Tears in the Pacific (4/5)
He was almost 40 and spoke with great wisdom. As he explained, it was clear we could not survive on the dwindling resources we had on the island. Our original 53 were now 97 and always growing. I guess when stuck on an island, sex happens, a lot. His ideas were quite controversial but seeing the sacrifices we were having to do I had to agree with him. There was the small island across the way. Yes the trip would be dangerous but the island had its own resources. Why starve ourselves when we could send some of the residents across the channel to harvest the resources over there. The main opposition was coming from the ones that had actually been on the other island. There was no shelter or water from what anyone could remember. However, the island was never properly searched and our only hope was to find resources elsewhere, it was the only other place.
I had been skeptical of his ideas, but seeing Lawrence half melted and probably on his death bed, I knew Kapena was right. Omar had to stop fighting the reality we were living. The island was no longer the fertile paradise we had grown in and it would never be that again. Yes the ones sent over might not make it, and that was a horrible thought, but we thought we would not make it on the big island when it all started.
With my support Kapena would be able to convince enough of the residents and take control away from Omar. We barely survived the winter, we were not going to survive the summer unless more boys were sent out to get burned like Lawrence or drown in the nightly hurricanes. The madness and denial of the truth of our situation had to stop.
Over the summer months Omar kept sending boys out to face their death in search of food every night. A couple joined Lawrence in the infirmary but thankfully none died. Kapena and I continued our efforts to sway the popular vote to the colonization of the small island. I kept busy visiting as many people as I could on a daily basis. Every moment of my life was either spent next to Lawrence or fighting for our cause.
The visits with Lawrence were heart wrenching, as Martha explained it, he had fallen into a coma from his injuries. I would talk, read, sing and tell him about what Kapena and I were doing. I pretty much had moved myself into the infirmary with him. I would watch him sleep and hope Mother Earth would spare my boy from an early death. Martha would routinely change his bandages until they day came they were no longer needed. His skin had healed, healed as much as it would. The burns had become random mounds of hard flesh. The scars stretched from the top of his now half bald head, all the way down to his knee. His left eye was covered with a patch being that there was no eyelid to protect it. He was still my Lawrence, my beautiful boy but I knew he would never be the same, if he ever woke up. He shouldn’t have been outside…
Every second with him gave me the fuel to keep on the good fight for Kapena and me. Unfortunately, the fight took longer than I would have ever expected. The fall harvest season was quickly approaching. We increased our colony meetings to daily. In every single one of them the tension increased. The harsh reality we were facing was slowly becoming more and more evident to everyone. The number of supporters for Kapena increased slowly but steadily. We were two or so weeks away from the fall harvest season when the vote finally swayed our way. For the sake of diplomacy Omar remained in power but Kapena would execute and be in charge of the relocation.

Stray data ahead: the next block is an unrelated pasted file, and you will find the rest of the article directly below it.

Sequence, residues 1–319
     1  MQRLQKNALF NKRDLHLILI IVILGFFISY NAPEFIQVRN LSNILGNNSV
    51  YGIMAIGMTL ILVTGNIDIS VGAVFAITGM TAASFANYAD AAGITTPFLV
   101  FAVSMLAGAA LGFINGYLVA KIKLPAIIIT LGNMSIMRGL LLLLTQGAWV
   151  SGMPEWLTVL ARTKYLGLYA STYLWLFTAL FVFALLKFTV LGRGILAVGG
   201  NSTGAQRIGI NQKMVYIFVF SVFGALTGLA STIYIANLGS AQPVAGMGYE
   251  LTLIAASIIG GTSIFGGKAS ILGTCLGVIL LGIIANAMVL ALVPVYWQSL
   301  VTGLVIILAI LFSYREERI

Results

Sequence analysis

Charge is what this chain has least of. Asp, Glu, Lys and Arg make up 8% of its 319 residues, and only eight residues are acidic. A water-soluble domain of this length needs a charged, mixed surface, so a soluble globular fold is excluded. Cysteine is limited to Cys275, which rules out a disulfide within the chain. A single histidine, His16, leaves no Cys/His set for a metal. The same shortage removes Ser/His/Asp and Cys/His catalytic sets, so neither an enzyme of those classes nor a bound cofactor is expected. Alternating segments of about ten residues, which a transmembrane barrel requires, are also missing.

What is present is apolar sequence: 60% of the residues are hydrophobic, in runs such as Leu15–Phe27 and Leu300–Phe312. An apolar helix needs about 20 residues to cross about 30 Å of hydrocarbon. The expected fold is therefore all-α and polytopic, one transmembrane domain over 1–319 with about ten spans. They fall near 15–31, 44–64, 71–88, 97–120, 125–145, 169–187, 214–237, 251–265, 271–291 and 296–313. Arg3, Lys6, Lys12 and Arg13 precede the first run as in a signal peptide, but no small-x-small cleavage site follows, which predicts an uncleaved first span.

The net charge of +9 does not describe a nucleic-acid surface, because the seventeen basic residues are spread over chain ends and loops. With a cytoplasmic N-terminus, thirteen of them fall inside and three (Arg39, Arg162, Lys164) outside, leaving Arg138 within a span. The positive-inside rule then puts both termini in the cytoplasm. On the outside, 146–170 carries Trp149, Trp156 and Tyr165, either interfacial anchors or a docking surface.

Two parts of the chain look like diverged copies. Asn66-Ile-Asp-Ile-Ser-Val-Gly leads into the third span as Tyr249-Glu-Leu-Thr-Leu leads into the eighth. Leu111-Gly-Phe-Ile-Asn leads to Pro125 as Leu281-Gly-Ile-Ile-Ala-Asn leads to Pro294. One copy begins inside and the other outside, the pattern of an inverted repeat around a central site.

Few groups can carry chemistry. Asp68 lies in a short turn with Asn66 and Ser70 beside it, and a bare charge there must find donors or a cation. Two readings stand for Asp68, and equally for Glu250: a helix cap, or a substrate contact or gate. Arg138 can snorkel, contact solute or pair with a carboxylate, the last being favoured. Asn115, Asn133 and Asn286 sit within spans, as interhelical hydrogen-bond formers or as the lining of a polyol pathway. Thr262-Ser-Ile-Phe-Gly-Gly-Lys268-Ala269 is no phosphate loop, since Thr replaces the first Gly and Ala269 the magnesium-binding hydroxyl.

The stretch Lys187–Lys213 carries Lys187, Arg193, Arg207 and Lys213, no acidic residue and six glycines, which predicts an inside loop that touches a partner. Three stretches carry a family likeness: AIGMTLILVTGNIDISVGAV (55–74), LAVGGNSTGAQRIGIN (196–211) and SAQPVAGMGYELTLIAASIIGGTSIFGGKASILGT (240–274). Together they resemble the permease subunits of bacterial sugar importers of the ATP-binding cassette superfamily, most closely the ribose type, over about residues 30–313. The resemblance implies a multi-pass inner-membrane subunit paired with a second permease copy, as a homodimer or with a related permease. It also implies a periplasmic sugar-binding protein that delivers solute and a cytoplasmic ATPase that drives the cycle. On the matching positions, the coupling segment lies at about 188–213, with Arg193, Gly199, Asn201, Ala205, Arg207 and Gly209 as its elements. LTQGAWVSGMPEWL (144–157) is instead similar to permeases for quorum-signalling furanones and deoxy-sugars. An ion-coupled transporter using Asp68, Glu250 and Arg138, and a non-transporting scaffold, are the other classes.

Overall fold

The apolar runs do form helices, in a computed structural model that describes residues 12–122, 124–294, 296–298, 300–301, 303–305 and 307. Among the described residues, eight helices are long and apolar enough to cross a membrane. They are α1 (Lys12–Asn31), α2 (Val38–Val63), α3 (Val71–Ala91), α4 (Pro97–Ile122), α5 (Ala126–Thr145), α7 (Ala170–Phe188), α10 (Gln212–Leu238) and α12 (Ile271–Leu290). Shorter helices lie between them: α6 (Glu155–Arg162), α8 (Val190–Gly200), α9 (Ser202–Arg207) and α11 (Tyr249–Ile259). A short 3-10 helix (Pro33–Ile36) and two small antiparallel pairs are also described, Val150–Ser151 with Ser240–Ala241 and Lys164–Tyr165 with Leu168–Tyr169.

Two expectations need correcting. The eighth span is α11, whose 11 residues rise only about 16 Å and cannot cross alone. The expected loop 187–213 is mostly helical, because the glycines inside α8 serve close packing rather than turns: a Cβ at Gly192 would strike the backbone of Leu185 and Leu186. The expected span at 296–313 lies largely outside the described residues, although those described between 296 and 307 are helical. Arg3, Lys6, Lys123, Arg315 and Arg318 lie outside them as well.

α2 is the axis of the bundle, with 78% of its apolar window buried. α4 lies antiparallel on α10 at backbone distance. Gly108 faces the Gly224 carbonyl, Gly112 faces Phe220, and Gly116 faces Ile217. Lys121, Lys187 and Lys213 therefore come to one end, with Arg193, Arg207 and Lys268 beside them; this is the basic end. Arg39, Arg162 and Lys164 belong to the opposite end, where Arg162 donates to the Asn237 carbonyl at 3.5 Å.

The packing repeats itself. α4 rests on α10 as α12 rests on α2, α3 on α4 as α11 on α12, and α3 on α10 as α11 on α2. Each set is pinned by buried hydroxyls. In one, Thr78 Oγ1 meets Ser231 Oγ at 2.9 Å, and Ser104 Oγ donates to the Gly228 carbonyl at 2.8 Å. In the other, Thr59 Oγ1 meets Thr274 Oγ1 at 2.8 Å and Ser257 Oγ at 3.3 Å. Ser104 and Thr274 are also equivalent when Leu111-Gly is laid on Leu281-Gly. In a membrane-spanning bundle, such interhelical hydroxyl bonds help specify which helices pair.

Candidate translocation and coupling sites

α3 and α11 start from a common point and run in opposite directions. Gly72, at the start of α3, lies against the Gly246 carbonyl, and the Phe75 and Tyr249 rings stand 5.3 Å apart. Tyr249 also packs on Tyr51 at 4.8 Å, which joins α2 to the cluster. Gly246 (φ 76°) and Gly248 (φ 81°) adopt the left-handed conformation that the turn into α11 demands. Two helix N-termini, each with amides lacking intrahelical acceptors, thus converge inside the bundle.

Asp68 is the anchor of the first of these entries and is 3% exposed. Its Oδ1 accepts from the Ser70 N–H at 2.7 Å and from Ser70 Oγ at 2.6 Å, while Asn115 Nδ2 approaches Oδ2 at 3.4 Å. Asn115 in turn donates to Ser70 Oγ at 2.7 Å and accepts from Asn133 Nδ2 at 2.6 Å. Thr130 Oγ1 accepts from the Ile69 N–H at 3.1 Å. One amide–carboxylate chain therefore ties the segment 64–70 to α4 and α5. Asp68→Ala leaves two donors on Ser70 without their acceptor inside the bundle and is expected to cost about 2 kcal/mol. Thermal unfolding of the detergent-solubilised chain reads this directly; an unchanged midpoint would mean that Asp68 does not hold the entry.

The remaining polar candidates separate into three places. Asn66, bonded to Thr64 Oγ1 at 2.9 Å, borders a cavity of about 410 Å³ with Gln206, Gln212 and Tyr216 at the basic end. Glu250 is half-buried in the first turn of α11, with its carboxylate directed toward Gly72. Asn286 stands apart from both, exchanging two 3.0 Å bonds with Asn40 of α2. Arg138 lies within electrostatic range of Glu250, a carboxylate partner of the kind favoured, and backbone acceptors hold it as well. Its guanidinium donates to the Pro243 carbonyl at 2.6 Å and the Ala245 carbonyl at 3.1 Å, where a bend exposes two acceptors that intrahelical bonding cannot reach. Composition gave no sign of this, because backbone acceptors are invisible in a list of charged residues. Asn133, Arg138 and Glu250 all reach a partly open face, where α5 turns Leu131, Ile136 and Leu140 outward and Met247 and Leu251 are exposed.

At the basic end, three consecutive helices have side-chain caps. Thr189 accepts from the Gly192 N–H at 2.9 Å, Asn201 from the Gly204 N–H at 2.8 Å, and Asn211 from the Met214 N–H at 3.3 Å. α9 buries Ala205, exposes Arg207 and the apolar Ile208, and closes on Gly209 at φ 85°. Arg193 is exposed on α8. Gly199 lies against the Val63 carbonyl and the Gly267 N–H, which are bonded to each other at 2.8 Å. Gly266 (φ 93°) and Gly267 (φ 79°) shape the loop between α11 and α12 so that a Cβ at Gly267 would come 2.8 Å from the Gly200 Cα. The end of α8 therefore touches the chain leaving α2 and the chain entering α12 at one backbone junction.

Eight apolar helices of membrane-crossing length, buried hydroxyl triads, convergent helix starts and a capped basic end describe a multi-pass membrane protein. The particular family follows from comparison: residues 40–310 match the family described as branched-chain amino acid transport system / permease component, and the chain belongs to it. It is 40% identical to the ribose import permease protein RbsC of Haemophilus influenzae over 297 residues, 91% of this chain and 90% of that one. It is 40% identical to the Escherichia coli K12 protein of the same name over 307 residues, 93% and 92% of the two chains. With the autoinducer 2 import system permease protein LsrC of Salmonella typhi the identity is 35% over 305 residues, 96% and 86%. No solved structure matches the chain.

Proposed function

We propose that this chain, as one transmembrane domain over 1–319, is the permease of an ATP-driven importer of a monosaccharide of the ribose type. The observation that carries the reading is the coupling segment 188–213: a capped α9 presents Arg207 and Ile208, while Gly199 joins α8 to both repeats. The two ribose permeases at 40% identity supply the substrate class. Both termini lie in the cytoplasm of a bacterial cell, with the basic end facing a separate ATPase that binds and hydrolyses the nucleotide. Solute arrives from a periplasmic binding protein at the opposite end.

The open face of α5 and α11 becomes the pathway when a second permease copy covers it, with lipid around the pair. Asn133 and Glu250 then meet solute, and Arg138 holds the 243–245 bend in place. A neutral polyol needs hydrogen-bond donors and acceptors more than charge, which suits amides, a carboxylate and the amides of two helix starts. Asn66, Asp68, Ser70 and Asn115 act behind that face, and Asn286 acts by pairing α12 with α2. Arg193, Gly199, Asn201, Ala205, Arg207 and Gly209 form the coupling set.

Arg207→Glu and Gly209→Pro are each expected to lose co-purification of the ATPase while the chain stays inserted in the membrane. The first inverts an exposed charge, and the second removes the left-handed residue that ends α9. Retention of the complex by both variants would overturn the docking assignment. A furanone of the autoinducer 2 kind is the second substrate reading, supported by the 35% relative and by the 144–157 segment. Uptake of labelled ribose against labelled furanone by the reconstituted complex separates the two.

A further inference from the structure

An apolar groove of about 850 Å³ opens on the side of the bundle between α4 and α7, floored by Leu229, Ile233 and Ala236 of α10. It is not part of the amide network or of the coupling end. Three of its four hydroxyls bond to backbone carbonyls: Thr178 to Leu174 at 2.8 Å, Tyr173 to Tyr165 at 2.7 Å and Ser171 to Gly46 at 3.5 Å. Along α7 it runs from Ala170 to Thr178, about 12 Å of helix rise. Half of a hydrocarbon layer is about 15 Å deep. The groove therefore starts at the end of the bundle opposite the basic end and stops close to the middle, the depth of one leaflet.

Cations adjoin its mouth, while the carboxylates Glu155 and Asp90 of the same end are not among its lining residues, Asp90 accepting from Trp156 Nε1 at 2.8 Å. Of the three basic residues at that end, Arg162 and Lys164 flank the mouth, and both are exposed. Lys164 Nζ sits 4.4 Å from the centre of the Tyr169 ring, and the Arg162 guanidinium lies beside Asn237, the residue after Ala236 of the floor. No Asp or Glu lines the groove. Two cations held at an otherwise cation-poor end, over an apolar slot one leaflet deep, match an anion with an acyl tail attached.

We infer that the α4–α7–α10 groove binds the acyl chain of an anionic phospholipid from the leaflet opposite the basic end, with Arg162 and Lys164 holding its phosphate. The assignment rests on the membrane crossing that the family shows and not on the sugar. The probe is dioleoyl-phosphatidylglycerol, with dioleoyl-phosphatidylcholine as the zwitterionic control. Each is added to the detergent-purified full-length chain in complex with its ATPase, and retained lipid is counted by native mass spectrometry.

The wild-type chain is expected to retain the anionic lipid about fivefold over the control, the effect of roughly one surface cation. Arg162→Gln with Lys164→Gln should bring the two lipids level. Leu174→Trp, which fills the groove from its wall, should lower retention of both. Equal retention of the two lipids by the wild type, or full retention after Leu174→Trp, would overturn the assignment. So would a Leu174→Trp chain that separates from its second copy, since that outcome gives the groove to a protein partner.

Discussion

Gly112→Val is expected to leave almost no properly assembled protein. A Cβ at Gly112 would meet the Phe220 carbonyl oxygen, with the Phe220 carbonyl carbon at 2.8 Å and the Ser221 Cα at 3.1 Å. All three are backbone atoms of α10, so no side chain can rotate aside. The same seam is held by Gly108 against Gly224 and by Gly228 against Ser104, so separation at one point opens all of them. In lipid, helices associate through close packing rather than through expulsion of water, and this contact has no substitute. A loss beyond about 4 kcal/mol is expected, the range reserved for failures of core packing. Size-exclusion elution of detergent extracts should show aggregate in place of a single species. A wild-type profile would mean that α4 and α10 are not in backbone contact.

That night as I was telling Lawrence of the great news I felt his hand tighten around mine for the first time. At first I thought it was my imagination but slowly his right eye begun to blink and his gorgeous blue eye looked deep into mine. He looked lost and confused but obviously recognized me. Tears streamed down my face as I hugged and kissed him repeatedly. I held his face between mine and welcomed him back. My shouts of jubilation soon had summoned Martha to the room. Once I was done smothering him, I allowed her space to check him out.
Everything checked out fine and after a few drinks of water he was finally able to speak. I could see the pain and regret in his eyes as he stared deep into my soul. I hushed him before he could apologize “Shhhh, it is not your fault my boy, they should have never sent you outside.”
His body had healed but as he looked at himself in the mirror I knew the road to recovery had just started. The small hand mirror flew out of his hand and across the room. As the glass shattered on the wall I knew something inside of him had broken as well. I comforted him but I couldn’t heal him, just help him grow to accept it. The pain in his eyes ignited the last bit of fire I needed to finish the relocation process.
After a bleak summer I had lost 10 pounds and was ever tired. But now, now I had all the energy I needed. We had figured much of the details of the relocation. We would double our efforts over the first two weeks of fall harvest so that we could send the chosen ones across with a decent amount of provision. The crossing would take a few hours but once they were over, they would have two to four weeks to find shelter and continue their hunting and gathering of provisions for the winter freeze. The hazards involved with the trip and relocation had people incredibly and rightfully concerned. It was going to be an extremely challenging situation but it had to be done.